Nikhil Wahi – brother to former Coinbase Product Manager Ishan Wahi – has pleaded guilty to wire fraud conspiracy using confidential information.
Guilty As Charged
As reported by Reuters, the ex-manager’s brother confessed during a virtual court hearing in front of a Manhattan judge. He admitted to making cryptocurrency trades based on confidential information from his brother, who used to work at Coinbase.
“I knew that it was wrong to receive Coinbase’s confidential information and make trades based on that confidential information,” Nikhil Wahi told the judge.
In July, the Department of Justice (DOJ) charged both brothers and one friend – Sameer Ramani – with wire fraud conspiracy and wire fraud. The department alleged that Ishan Wahi was sharing confidential information with the other two men about what coins were next to be listed at Coinbase.
Coinbase is the largest cryptocurrency exchange in the United States. Naturally, when new listings are publicly announced by the company, the value of the relevant tokens tends to rise.
Using Ishan Wahi’s counsel, the other men allegedly purchased multiple cryptos before their public announcements and dumped them shortly afterward. Repeated across 25 different tokens, the group managed to accrue over $1.5 million in profit, say the prosecutors.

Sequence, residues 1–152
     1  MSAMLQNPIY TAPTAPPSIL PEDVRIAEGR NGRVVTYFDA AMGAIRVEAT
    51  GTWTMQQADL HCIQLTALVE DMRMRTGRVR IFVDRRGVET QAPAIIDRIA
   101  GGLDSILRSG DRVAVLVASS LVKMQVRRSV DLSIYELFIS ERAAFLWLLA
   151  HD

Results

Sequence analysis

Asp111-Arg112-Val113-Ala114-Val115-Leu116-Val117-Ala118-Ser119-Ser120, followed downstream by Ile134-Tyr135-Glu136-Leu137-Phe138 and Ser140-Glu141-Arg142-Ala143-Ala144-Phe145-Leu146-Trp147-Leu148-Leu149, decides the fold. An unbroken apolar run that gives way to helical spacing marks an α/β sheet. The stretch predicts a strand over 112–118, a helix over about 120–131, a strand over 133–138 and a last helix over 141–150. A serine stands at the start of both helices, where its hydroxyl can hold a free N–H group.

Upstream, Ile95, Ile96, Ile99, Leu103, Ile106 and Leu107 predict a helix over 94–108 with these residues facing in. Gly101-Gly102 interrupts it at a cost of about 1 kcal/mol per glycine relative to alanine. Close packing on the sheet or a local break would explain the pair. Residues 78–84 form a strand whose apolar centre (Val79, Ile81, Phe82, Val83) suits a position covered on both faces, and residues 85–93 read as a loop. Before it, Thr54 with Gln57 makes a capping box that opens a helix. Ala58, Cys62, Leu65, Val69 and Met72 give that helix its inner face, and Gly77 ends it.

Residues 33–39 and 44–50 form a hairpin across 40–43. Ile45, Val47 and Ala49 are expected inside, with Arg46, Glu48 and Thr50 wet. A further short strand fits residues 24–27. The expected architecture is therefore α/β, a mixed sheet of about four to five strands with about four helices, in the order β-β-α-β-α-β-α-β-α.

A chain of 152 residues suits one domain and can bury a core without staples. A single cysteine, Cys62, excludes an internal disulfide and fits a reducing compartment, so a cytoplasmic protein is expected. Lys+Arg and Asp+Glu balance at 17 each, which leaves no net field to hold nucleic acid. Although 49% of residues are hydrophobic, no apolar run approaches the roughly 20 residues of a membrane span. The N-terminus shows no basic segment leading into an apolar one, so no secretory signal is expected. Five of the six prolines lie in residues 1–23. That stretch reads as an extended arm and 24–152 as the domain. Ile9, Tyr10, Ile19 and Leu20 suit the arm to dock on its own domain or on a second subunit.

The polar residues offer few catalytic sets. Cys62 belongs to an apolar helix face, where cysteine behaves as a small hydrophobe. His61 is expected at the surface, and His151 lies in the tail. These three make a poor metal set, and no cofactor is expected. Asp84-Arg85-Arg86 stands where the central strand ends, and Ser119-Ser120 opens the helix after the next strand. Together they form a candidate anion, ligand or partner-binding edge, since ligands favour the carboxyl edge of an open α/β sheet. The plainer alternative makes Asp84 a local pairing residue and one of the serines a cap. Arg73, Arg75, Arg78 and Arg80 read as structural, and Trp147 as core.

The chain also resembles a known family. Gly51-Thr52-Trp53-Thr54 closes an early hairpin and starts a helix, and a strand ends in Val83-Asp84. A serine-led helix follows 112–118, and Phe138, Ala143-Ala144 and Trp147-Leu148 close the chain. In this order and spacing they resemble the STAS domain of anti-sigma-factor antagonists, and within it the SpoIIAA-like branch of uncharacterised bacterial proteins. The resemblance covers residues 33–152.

Nikhil Wahi said that he understands his guilty plea will result in his deportation from the United States, and the loss of “everything that I have worked for.” He will be sentenced in December.
By contrast, Ishan Wahi has pleaded not guilty and is scheduled to appear in court on March 22nd. The ex-manager attempted to flee the United States after being called for a private meeting with Coinbase’s director of security in May. His escape was prevented by law enforcement at the airport, but his friend Ramani remains at large.
Insider Trading in Crypto
Upon announcing the charges in July, the DOJ said their charges made for the first insider trading case involving cryptocurrencies.
However, just a month prior, a former employee at OpenSea was charged with insider trading of NFTs. Like the Coinbase manager, he used private intel to purchase collections before being listed in the marketplace and sold them afterward at a profit.
The accused, Nathaniel Chastain, is defending himself. His lawyers argue that he conducted no such insider trading, as NFTs technically don’t qualify as securities or commodities.